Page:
(Bloomberg Gadfly) -- Royal Mail Plc’s shares soared on the first day of its IPO in 2013, sparking outrage about the British privatization short-changing the public. Four years later, the stock is a fraction higher than where it closed on its debut and the centuries old postal company has departed the FTSE 100.
Some might argue that Royal Mail is destined to struggle. It still has to deliver mail anywhere in the U.K. at a fixed price six days a week, even though email means letter volumes are in structural decline (a problem because of Royal Mail's substantial fixed costs).
Parcels are booming, thanks to e-commerce. But customers are more demanding, while Amazon and other logistics firms are cutthroat competitors. Some cherry-pick urban areas and higher-value services, not always with the same labor protections.
Royal Mail has a hefty, unionized workforce demanding wage increases -- though hopes of an impending staff deal have lifted the shares by one quarter since November. The yearly funding requirement on its pension plan will double to more than one billion pounds ($1.4 billion) unless it's overhauled. Oh, and Jeremy Corbyn, the leftwing leader of Britain’s opposition Labour Party, says he’ll nationalize Royal Mail if he wins power.
Yet while things seem bleak, there is a glimmer of hope offered by another centuries old postal service that's coping admirably with the same problems (bar Corbyn): Deutsche Post AG.
The Labour leader chastises the Royal Mail for paying hundreds of millions of pounds in dividends to shareholders, but it's also invested 1.5 billion pounds since privatization, including a sweeping IT upgrade. After years of under-investment under public ownership, it had no choice.
Deutsche Post has plowed earnings into building a European parcels network, international express delivery and supply chain management business, cutting the dependence on letters. The DHL Express unit, a competitor of United Parcels Service Inc. and FedEx Corp., usually makes an operating margin above 10 percent, higher than the parent company's average.
Sensibly, Royal Mail is investing too in its expanding European parcels business, GLS, an asset-light offshoot that's unbound by U.K. wage deals or regulatory handcuffs. It's more profitable, contributing more than a quarter of adjusted group operating profit. Even so, the U.K still accounts for about four-fifths of Royal Mail sales. There’s a way to go on diversifying.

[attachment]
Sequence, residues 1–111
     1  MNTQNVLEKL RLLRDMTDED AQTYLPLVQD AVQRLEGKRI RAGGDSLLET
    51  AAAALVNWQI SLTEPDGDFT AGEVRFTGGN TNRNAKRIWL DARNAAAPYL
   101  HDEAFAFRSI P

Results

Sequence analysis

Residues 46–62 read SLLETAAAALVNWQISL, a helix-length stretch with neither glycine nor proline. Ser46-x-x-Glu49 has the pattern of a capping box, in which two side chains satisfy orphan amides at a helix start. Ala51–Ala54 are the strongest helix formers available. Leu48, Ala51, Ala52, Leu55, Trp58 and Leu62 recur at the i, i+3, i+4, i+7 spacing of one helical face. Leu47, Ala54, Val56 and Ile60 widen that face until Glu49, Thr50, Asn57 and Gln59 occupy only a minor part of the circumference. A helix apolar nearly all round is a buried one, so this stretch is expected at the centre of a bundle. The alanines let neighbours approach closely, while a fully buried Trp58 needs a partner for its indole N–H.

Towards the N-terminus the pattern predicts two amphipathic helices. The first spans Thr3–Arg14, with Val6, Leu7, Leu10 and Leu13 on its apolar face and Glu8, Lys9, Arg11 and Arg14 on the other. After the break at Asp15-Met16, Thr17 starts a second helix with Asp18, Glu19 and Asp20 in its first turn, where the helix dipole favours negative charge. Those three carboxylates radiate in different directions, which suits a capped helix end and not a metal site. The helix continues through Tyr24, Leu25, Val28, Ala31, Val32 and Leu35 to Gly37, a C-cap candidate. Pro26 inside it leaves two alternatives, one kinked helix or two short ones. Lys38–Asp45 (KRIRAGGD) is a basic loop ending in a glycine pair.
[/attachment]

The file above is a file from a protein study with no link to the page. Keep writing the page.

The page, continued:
In fairness, Royal Mail’s Canadian boss Moya Greene is doing a decent job in difficult times. Britain’s economic wobble since the Brexit vote hasn’t helped junk mail volumes, and Amazon has built its delivery operations more quickly in the U.K than in Germany.
German postal regulation is more benign as well, giving Deutsche Post the freedom to innovate. "The U.K postal market is very pro-competition, making it more difficult for the incumbent," says Daniel Roeska at Bernstein. Royal Mail investors are compensated in part with a relatively high dividend yield.
Still, Deutsche Post shows how privatization can work. There's no reason legacy postal giants can't thrive in the age of email, instant messaging and Amazon. Royal Mail needs profits to reinvest in modernizing. Corbyn and his acolytes should pay a visit to Germany.
This column does not necessarily reflect the opinion of Bloomberg LP and its owners.
Chris Bryant is a Bloomberg Gadfly columnist covering industrial companies. He previously worked for the Financial Times.
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